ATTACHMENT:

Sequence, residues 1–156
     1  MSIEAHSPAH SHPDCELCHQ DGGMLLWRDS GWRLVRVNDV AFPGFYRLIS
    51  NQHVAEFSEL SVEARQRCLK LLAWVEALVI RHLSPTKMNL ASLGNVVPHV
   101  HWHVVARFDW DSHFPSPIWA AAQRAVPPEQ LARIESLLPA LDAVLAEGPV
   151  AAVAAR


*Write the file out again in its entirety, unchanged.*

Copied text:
Sequence, residues 1–156
     1  MSIEAHSPAH SHPDCELCHQ DGGMLLWRDS GWRLVRVNDV AFPGFYRLIS
    51  NQHVAEFSEL SVEARQRCLK LLAWVEALVI RHLSPTKMNL ASLGNVVPHV
   101  HWHVVARFDW DSHFPSPIWA AAQRAVPPEQ LARIESLLPA LDAVLAEGPV
   151  AAVAAR